Planting with pumice – how to use pumice as a soil amendment

The perfect potting soil varies depending on its use. Each
type of potting soil is specifically formulated with different ingredients
whether the need is for better aerated soil or water retention. Pumice is one
such ingredient used as a soil amendment. What is pumice and what does using
pumice in soil do for plants? Read on to find out about growing plants in

What is Pumice?

Pumice is fascinating stuff, borne out of the superheated
earth. It is basically whipped volcanic glass that is made up of tiny air
bubbles. This means that pumice is a lightweight volcanic
rock that makes it perfect for use as a soil

The airy rock is ideal for use with cacti
and succulents as well as other plants that require excellent
drainage and air circulation. Plus, the porosity of pumice allows microbial
life to thrive while maintaining soil structure better than perlite. Planting
with pumice also has the advantage of a neutral pH along with a variety of
trace materials.

There are many advantages to growing plants in pumice. It
reduces water runoff and fertilization by increasing soil absorption in sandy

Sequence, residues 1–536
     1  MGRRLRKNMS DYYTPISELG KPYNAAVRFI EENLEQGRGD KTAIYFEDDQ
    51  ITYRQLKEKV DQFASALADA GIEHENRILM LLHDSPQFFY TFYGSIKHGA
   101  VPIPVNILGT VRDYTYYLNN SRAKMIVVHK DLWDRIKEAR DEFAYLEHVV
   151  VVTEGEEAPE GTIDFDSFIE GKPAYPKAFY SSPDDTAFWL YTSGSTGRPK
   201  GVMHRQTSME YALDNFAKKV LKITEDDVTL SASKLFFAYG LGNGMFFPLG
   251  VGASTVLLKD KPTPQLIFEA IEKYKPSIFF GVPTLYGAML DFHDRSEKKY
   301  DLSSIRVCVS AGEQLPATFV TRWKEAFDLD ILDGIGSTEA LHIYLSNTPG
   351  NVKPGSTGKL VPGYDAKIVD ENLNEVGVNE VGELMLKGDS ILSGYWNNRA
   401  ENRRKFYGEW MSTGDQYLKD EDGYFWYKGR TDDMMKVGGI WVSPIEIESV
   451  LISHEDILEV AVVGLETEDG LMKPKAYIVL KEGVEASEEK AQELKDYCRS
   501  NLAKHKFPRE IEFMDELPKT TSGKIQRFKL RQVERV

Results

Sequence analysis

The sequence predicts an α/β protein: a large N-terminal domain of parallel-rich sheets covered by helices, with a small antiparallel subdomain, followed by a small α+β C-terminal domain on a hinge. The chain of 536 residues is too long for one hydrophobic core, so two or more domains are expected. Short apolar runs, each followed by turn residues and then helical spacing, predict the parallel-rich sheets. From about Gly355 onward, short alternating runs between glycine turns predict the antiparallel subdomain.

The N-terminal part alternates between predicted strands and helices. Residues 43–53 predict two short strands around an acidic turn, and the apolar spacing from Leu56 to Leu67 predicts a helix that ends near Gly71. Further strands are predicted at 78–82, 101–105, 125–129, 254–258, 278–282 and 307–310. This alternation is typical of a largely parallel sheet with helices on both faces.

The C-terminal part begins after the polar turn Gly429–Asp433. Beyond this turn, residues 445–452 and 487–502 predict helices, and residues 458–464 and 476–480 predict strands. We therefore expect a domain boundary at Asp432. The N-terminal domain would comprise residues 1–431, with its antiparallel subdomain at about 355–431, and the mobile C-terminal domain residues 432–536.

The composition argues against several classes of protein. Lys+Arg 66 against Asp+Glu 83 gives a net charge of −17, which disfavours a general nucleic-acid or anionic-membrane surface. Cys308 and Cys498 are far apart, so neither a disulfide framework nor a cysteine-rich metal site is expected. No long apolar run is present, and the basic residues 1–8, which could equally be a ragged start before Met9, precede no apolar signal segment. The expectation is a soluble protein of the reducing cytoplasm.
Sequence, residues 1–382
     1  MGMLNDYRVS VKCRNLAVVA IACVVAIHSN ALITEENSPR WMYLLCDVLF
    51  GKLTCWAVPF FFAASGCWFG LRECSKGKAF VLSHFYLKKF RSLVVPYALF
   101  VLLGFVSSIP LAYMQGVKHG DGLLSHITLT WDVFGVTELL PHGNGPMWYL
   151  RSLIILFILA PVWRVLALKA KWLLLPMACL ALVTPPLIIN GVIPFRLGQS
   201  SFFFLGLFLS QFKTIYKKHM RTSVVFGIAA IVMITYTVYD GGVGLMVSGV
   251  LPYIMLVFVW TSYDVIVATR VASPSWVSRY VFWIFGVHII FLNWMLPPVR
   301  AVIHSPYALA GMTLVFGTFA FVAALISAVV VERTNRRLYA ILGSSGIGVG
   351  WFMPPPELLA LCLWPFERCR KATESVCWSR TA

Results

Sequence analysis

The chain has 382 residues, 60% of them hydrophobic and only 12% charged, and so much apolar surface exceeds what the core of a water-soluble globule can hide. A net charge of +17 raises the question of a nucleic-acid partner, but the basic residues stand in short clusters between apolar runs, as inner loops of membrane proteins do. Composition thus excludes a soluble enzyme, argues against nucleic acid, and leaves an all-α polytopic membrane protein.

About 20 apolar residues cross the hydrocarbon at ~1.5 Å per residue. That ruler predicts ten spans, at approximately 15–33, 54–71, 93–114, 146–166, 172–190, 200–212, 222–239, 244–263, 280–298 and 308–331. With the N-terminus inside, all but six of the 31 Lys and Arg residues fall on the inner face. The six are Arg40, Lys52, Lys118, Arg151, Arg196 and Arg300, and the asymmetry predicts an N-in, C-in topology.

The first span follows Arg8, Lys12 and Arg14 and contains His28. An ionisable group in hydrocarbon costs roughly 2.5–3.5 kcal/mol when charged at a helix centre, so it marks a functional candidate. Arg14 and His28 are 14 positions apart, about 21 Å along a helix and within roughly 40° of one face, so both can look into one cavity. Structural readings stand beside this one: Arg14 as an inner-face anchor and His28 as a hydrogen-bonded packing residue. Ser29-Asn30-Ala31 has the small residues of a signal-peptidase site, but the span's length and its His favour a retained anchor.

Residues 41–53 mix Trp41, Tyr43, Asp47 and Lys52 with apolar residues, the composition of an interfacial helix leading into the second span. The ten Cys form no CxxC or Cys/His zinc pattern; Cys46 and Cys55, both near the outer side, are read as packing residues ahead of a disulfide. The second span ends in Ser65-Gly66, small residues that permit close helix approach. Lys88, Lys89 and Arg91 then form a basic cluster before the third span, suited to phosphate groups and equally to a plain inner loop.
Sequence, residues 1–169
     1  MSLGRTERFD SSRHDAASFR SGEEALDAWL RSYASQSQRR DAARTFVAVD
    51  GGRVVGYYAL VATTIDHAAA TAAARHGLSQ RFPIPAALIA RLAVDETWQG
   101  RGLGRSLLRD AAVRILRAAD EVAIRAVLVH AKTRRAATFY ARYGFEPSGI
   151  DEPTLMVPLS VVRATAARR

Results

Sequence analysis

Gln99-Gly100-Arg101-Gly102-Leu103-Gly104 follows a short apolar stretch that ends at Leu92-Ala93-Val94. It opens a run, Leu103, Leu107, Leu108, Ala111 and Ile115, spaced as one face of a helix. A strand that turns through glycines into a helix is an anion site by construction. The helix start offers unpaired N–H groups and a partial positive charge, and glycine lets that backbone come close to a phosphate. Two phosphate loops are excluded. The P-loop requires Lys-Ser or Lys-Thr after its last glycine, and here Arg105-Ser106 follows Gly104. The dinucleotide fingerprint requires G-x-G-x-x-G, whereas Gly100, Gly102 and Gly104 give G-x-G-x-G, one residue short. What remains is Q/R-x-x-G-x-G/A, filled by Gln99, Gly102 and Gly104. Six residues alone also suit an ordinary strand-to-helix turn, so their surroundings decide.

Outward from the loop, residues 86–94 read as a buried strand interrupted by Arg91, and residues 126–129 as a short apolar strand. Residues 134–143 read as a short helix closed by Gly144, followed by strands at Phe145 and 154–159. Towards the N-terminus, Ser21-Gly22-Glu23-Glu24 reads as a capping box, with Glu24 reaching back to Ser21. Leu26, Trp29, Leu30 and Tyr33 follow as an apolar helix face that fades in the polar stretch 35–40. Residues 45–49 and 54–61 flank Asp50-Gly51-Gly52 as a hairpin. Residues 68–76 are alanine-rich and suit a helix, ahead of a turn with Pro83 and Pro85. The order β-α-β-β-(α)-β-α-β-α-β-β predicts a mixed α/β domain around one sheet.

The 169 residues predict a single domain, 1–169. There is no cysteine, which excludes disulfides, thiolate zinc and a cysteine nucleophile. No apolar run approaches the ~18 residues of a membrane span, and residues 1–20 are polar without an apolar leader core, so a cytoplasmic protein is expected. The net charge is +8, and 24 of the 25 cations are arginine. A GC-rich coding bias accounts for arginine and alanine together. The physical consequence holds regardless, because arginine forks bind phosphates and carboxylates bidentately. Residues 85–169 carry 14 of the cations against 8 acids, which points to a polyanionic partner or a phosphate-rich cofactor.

soils. It also absorbs excess moisture so roots don’t rot. Additionally, pumice
improves aeration and stimulates the growth of mycorrhizae.

Pumice doesn’t decompose or compact over time like other
soil amendments, which means it helps to maintain soil structure. It also keeps
clay soils loose over time for continued soil health. Pumice is a natural,
unprocessed organic product that doesn’t decompose or blow away.

Using Pumice as a Soil Amendment

To improve drainage for plants such as succulents, mix 25%
pumice with 25% garden soil, 25% compost and 25% large grain sand. For plants
that are prone to rotting, like some euphorbias,
amend the soil with 50% pumice or in lieu of amending the soil, fill the
planting hole with pumice so the roots are surrounded by it.

Pumice can be used as a topdressing to absorb rainwater that
puddles around plants. Create a moat around the plant with vertical tunnels.
The moat should be at least a foot (30 cm.) away from the base of the plant.
Funnel pumice into the vertical holes.

For potted
succulents, combine equal portions of pumice to potting soil. For
cacti and euphorbia, combine 60% pumice with 40% potting soil. Start cuttings
that rot easily in pure pumice.

Pumice can be used in other ways as well. A layer of pumice
will absorb spilled oil, grease, and other toxic liquids. Once the fluid has
been absorbed, sweep it up and dispose of it in an eco-friendly manner.

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